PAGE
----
3. I'm no help to the same boat as you..what I have I " need" right now....!

  4. I come from a long line of hoarders and truly am not looking forward to the day my mother passes. Recently, while visiting, I picked up the ugliest ceramic hobo that she has had since I was a child and teasingly said, "Couldn't we just start by throwing this thing out?" She had a reason for keeping it. It took her weeks to clean out my grandfather's house because he kept everything.

    I like to think I'm a minimalist and because we've moved so much I don't keep a lot, but just don't look at my craft stash! ;-)

  5. Vicki - I am sorry you've lost your Mum- and understand the difficulty of deciding what to do with letters etc. Reading Terri's comment, it confirms that so often, one generation passes down an "heirloom" leaving the next with responsibility of discarding it. Susan, like you I am trying to cut back on CS visit- and spend less time browsing so I am not tempted to buy things! Lynda- I agree!!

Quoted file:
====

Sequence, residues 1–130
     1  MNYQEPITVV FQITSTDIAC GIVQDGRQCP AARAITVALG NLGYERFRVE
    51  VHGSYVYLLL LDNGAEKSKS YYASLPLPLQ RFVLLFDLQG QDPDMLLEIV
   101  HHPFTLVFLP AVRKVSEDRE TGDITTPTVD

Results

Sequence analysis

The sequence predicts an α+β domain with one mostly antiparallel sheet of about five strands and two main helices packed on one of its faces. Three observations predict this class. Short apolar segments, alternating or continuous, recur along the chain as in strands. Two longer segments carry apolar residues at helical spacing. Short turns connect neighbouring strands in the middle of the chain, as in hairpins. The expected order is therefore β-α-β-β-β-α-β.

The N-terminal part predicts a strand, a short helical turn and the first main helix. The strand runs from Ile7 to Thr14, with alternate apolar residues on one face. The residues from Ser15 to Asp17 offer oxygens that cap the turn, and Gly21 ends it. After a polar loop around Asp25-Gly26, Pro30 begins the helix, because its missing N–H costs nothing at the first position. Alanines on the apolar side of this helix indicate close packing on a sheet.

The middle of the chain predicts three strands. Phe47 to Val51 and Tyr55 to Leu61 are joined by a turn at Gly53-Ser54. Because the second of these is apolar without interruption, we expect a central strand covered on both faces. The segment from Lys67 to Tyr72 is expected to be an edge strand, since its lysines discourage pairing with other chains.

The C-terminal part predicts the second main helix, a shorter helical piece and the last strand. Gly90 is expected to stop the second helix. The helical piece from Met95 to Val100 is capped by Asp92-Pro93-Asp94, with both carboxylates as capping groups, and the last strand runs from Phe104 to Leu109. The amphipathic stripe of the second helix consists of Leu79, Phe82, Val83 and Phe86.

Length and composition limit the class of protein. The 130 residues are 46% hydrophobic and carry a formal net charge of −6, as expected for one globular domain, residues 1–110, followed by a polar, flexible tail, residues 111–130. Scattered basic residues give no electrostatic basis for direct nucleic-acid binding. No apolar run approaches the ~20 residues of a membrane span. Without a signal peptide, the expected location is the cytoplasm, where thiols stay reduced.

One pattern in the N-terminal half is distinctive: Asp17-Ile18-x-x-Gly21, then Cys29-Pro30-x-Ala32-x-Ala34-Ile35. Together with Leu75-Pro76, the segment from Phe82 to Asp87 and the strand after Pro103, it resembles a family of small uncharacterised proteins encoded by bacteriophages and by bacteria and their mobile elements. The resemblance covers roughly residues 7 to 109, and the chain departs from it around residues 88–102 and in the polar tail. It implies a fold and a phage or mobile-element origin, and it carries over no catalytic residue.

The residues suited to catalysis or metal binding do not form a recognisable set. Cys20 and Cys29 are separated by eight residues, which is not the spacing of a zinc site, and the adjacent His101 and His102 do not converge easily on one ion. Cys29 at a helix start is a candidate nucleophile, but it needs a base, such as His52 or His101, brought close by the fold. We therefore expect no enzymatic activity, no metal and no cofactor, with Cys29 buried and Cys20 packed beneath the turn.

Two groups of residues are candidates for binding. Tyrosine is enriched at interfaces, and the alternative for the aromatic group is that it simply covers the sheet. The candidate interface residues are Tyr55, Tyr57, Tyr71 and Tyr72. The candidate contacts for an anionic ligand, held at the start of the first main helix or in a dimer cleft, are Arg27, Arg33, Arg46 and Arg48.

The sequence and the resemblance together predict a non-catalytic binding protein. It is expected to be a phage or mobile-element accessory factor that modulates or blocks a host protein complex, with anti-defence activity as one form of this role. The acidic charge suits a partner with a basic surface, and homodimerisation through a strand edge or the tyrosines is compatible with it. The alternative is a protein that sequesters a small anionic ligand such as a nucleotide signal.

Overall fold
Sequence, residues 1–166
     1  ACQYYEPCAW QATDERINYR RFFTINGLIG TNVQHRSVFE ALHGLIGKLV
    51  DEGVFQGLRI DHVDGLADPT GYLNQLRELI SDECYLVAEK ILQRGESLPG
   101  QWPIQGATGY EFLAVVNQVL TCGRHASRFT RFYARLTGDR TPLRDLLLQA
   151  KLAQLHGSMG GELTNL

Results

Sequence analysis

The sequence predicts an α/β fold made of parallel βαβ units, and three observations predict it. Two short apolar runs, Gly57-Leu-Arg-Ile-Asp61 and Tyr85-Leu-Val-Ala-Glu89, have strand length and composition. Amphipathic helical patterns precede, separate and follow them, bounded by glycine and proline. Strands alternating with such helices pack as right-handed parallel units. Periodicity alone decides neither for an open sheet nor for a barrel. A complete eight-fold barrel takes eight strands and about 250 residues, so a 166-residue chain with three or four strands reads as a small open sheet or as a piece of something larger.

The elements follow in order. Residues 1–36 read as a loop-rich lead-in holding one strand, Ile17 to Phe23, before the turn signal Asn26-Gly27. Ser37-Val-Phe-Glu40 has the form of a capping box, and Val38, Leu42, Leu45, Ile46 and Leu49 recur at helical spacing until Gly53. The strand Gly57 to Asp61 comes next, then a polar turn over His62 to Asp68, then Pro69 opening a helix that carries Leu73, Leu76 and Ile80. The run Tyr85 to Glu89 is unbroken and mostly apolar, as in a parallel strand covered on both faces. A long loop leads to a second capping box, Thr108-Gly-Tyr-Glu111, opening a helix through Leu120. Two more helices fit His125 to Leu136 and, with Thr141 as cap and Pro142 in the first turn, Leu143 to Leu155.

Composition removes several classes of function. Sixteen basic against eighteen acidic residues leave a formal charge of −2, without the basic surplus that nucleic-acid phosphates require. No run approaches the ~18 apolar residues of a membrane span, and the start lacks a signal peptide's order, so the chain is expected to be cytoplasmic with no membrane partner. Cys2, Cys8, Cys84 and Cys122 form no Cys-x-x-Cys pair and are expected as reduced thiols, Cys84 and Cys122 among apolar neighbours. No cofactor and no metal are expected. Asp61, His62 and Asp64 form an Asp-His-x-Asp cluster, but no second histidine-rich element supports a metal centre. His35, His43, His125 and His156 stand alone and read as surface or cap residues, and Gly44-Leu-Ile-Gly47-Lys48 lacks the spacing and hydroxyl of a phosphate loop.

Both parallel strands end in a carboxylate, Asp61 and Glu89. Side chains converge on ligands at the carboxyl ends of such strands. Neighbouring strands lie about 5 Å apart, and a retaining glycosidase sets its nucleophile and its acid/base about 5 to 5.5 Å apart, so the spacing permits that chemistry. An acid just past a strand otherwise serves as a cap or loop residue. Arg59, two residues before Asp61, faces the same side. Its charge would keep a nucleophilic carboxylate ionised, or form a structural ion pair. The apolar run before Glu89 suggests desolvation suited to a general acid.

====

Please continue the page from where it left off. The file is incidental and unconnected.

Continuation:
Thank you all for your honesty - the declutter thing is clearly an issue for many of us!

  6. I'm another one who struggles to declutter as you know. I did actually get rid of a HUGE amount when we moved recently. We donated a lot to charity and recycled paperwork and threw out a lot and I even sold about 15 books and but I'm aware I still have a lot of books, clothes and possessions. Definitely going to try harder not to buy but actually a lot of clutter is also presents! I am also in possession of a large craft stash...

  7. Oh, my goodness, "Clock not working, otherwise OK" is how it is with me, too! In my case, it is the sewing machine - not working, but otherwise just fine! I bought a new one to replace it, but the old one is still there! Why? Just in case it starts to work, by some miracle?